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NNPC reduces fuel price to N108 per litre

The government is still dithering on deregulation allowing NNPC to reduce prices as it desires.

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PPPRA, NNPC, Reduce funding oil subsidy - IMF to Nigeria , Oil marketers, PENGASSAN call for subsidy removal 

The NNPC, Nigeria state-owned petroleum company has reduced the price of petrol from N113.28k per litre to N108.00k per litre representing a 4.8% drop in prices. This is the second time in about two months that the NNPC has drop the price of petrol. On March 19th, 2020, the NNPC announced a reduction from N133.28/litre to N113.28/litre.

The current drop was announced via the twitter handle of the NNPC on Wednesday and issued by the Group General Manager, Group Public Affairs Division, Dr. Kennie Obateru, who quoted the Managing Director of the Petroleum Products Marketing Company (PPMC), Musa Lawan.

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According to Dr. Obateru, “the new ex-depot price of Premium Motor Spirit (PMS), otherwise called petrol, reflects the company’s market strategy to make more sales while complying with the Petroleum Products Pricing Regulatory Agency’s (PPPRA) price template.”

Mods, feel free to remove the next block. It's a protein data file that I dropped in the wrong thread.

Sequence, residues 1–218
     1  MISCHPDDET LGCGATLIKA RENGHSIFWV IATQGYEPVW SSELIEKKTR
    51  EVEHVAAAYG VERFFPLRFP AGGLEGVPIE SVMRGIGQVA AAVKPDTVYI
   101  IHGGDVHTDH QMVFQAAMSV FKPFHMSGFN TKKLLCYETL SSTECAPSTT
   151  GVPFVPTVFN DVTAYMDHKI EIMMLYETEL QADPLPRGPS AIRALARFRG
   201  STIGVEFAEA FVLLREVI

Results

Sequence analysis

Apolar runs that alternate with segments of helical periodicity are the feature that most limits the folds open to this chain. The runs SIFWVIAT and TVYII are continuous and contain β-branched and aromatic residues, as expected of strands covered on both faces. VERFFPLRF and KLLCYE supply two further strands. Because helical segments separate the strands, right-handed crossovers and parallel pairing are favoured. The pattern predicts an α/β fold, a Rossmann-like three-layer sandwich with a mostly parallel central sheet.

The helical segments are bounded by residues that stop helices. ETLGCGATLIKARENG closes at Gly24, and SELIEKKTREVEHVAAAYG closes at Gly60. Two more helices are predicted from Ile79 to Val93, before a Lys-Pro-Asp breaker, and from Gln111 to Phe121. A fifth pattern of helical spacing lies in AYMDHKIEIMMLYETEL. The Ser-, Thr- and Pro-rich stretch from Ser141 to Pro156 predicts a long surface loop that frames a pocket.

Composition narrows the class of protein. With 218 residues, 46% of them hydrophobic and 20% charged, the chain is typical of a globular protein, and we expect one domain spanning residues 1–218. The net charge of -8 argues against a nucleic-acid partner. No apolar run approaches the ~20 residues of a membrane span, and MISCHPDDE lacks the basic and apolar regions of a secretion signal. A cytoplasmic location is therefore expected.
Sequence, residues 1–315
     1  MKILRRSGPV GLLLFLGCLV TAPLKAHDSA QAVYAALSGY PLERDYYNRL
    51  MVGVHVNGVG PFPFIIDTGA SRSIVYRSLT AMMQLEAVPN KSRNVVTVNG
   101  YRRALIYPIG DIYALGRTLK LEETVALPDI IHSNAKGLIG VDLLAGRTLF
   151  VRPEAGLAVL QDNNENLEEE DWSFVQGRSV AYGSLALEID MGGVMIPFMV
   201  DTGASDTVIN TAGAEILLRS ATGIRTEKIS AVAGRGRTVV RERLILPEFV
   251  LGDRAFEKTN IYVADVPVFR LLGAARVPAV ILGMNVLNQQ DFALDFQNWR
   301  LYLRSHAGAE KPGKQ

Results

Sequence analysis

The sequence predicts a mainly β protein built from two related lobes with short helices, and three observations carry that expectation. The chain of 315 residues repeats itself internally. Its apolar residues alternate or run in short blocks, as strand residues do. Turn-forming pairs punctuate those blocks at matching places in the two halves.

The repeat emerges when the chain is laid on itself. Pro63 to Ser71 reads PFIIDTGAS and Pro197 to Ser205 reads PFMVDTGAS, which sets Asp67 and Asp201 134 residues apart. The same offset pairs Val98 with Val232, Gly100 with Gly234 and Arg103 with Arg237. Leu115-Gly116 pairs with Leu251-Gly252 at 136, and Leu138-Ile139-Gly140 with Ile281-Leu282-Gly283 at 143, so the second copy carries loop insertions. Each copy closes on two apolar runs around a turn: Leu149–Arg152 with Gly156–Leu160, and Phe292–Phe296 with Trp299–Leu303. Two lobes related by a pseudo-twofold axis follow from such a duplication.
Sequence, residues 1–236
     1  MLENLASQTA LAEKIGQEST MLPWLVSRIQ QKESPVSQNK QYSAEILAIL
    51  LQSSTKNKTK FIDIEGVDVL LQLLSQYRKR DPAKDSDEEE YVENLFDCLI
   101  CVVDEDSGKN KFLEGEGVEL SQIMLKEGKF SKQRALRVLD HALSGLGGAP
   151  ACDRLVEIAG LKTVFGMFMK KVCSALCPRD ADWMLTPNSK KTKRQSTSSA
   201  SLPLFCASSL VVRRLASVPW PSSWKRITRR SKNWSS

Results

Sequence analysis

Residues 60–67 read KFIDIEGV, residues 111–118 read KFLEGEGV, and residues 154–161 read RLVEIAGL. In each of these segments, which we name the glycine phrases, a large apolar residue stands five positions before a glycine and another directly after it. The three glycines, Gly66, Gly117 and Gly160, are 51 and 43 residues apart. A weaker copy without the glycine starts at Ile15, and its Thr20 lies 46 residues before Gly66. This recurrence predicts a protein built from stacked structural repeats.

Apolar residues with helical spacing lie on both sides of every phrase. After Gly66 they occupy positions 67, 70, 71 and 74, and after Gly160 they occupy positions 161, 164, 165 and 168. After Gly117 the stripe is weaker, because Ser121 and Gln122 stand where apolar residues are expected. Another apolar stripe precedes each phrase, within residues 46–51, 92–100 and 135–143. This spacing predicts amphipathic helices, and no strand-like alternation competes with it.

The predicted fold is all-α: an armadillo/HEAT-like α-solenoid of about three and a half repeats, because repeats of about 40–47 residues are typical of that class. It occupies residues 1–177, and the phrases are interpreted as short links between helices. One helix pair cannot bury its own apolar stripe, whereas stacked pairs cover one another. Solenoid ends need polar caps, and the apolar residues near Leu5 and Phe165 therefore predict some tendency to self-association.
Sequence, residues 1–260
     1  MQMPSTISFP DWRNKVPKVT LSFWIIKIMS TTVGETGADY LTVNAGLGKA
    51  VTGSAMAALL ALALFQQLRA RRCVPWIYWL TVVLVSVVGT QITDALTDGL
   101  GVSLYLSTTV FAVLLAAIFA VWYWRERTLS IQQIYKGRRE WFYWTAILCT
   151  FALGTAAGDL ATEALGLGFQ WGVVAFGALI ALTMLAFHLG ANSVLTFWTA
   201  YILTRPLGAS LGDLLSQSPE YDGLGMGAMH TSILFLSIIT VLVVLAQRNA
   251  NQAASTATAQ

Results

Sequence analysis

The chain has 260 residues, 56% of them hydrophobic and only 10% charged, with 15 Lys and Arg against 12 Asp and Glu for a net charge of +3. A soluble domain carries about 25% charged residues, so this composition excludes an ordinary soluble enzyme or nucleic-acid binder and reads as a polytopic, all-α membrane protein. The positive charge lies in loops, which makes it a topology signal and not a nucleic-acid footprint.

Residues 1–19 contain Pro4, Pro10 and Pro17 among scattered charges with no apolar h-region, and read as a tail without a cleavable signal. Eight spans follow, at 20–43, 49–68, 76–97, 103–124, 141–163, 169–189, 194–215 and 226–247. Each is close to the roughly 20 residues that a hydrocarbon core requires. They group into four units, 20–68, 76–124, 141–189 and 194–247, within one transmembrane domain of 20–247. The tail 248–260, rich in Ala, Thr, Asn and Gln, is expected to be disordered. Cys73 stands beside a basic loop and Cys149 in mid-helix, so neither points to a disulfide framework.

READ MORE: The Problem of Free Petrol in Nigeria by Mannasseh Egedegbe

He further explained that “the new price regime would enable PPMC to boost its sales volumes from the billions of litres of Petrol it has in storage while providing affordable price to millions of customers.”

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On how they arrived at the current price, he explained that the price was arrived at “after an extensive review of market realities by the PPMC internal price review unit.”

What this means: The NNPC GMD Mallam Mele Kyari had alluded to the possible removal of fuel subsidy back in April raising optimism that Nigeria was going to ditch a long-standing government policy of spending trillions of naira subsidising petrol. This announcement, however, suggests that the government wants to still manage the price of petrol rather than allow the market to determine the price just as it is for AGO otherwise called diesel.

On diesel, the PPMC MD Musa Lawan explained that diesel price was not touched as it has already being deregulated and determined by market forces.